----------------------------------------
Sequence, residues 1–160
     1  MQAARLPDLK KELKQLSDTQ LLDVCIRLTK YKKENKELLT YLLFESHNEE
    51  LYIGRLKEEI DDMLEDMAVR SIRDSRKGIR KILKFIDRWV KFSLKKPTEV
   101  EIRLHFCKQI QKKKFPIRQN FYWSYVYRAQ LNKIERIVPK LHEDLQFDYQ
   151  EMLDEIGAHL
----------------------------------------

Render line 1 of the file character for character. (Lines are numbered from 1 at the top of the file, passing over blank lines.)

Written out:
Sequence, residues 1–160